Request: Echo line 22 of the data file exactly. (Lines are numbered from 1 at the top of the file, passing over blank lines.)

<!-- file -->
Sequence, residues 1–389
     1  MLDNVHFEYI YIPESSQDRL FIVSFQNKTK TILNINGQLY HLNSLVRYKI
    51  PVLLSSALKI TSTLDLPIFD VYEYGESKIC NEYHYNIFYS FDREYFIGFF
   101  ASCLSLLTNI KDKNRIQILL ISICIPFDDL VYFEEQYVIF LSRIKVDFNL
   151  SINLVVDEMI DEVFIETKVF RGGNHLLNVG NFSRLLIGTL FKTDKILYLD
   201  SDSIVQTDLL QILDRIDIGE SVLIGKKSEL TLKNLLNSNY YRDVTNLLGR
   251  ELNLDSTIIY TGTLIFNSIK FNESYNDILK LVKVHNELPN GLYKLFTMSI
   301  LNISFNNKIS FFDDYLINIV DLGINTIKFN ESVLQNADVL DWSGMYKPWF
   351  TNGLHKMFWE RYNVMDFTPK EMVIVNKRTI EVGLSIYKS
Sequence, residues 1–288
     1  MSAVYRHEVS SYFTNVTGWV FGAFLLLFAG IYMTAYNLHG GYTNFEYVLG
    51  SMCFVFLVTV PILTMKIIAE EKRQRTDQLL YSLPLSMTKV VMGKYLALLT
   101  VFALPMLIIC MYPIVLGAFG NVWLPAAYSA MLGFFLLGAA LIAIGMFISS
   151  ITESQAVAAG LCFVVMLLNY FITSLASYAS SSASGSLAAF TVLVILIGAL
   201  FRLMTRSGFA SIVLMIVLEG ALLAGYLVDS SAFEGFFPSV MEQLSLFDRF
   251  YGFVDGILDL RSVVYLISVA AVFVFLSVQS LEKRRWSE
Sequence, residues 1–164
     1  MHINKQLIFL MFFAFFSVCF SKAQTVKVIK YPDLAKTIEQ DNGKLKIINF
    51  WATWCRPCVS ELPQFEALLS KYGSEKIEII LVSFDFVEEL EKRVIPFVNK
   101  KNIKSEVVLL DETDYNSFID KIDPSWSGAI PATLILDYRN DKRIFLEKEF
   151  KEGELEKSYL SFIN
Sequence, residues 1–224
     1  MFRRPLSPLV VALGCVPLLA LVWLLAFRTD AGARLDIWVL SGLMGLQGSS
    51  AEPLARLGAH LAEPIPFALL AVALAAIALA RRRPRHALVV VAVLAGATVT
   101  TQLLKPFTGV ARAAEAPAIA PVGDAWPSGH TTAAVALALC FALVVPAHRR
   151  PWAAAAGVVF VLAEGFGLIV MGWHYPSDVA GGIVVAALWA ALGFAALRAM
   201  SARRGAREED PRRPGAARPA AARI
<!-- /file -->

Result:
Sequence, residues 1–224